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Mental Health

Do You Feel Like You’re Always Being Talked Over? Here Are 6 Ways to Make Your Voice Heard

We’ve all had the experience of being ignored, talked over, or “mansplained” to. Here, experts share easy ways to help you speak in a way that ensures others will listen — so your voice can come through loud and clear.

Stop interruptions.

Being interrupted is a common challenge for women, confirms social psychologist Deborah H. Gruenfeld, Ph.D., who suggests nonverbally signaling Stop, I’m still speaking by raising your finger. “Moving your hand swiftly away from your body is dominant.” Just do it matter-of-factly, as if to say, I’m almost finished. “You can also say it aloud, which is respectful but indicates you’re not ready to cede the floor.”

Start with an assertion.

“Research shows women have to pack more information into the same amount of time as men just to be heard,” says Eliza VanCort, author of A Woman’s Guide to Claiming Space. But we disempower ourselves when we rush. Instead of a speedy monologue, think of it as a back-and-forth game of Ping-Pong. “Say you’re making the point that red pens are better than blue ones. Rather than say, ‘Red helps us focus, because X…’ start with, ‘I think we should use red pens.’ Then follow up: ‘I have research, if you’d like to hear it.’” This lets you reveal each point at your own pace.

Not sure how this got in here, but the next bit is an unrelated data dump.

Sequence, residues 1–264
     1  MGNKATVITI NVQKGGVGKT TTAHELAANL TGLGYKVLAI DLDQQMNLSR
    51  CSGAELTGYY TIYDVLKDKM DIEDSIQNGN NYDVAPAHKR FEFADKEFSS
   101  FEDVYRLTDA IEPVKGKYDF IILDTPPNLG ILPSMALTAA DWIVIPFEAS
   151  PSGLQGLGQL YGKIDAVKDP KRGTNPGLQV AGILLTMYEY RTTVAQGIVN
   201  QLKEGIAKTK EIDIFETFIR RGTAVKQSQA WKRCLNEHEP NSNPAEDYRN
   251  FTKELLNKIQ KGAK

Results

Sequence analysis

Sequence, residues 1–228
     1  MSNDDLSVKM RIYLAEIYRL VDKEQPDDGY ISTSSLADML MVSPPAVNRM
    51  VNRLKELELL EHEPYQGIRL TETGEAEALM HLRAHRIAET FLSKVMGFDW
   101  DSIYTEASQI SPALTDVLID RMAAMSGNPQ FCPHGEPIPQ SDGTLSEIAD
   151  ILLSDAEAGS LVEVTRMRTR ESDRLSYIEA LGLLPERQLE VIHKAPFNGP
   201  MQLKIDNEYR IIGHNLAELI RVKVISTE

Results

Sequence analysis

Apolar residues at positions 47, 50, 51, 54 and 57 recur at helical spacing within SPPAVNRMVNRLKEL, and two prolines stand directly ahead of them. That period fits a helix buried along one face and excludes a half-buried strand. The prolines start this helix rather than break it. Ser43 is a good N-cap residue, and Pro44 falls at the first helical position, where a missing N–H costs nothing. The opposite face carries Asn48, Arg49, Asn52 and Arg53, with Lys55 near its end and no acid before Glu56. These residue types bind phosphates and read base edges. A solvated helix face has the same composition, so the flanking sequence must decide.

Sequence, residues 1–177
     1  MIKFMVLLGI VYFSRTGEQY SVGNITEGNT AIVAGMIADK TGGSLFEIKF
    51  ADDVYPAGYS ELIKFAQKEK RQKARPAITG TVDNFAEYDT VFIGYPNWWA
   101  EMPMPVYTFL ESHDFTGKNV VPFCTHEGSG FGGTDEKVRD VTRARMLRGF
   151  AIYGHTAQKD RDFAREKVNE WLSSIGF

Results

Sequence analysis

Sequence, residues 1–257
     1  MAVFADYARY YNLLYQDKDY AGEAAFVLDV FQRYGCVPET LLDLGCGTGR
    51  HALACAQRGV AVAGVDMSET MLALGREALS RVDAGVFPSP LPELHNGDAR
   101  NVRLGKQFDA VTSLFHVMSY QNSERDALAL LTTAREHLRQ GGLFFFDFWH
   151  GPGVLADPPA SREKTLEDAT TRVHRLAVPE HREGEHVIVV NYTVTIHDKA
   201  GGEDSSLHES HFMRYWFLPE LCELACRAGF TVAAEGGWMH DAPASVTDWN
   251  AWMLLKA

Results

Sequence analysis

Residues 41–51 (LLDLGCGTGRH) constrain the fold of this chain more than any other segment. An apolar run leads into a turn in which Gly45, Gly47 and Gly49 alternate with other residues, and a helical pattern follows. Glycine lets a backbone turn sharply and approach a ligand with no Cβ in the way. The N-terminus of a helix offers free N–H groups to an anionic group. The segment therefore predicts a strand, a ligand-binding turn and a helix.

Halt the ‘mansplaining.’

Men verbally “hijack” women in three ways: bro-priating, man-terruption and mansplaining, says expert Lois P. Frankel, Ph.D. Bro-priating — a play on appropriating — is when he takes your idea as his own. “Just let him know, ‘Thanks for expanding on my idea; it made me realize there’s something I want to add.’” When it comes to manterruptions, simply say, “Hang on — I wasn’t finished. As soon as I am, I’ll toss it back to you.” As for mansplaining? “I like to say, ‘I’m sure you don’t realize that X is one of my strengths.’ Always assert your best self.”

Turn up the volume.

Say you’re trying to get folks on board with a new idea. Start a bit louder than you normally would, urges VanCort. It conveys authority and allows you to get quieter to punctuate points you want others to remember. “When you lower your voice, people feel like you’re talking just to them and they listen more intently,” she says. Also smart: strategic silence. “Instead of using filler words — um, but, you know — it’s empowering to pause once in a while.” Gruenfeld agrees: “Owning the silence gives your audience a moment to catch up with you to absorb what you’re saying.”

Amplify allies.

Being a cheerleader for women’s voices not only helps you make connections, it also lifts you up. “After a female co-worker talks, you may say, ‘That’s a great idea,’ or, ‘I think X is onto something.’ Having your voice heard is often about cultivating relationships, because we listen to people we like,” says Frankel. Adds Gruenfeld: “When people feel heard by you, they’re more likely to want to return the favor.”

Practice with pals.

“Whenever you’re integrating new techniques like these, you don’t know what you don’t know,” says VanCort. “So practice in front of the mirror or in low-stakes situations with friends.” Most important, just know that none of these tactics means you’re aggressive. “You’re simply asking for what the other half of the population takes for granted: to have your voice heard and your ideas respected.”

A version of this article originally appeared in our print magazine, Woman’s World.

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